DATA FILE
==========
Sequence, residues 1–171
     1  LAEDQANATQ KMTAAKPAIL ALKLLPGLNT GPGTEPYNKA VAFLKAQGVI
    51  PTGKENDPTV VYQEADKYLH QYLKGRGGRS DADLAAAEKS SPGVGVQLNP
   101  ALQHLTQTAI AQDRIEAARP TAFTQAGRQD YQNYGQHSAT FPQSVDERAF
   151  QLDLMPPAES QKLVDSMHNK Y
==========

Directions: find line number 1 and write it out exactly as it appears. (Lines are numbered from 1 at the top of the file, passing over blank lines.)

Sequence, residues 1–171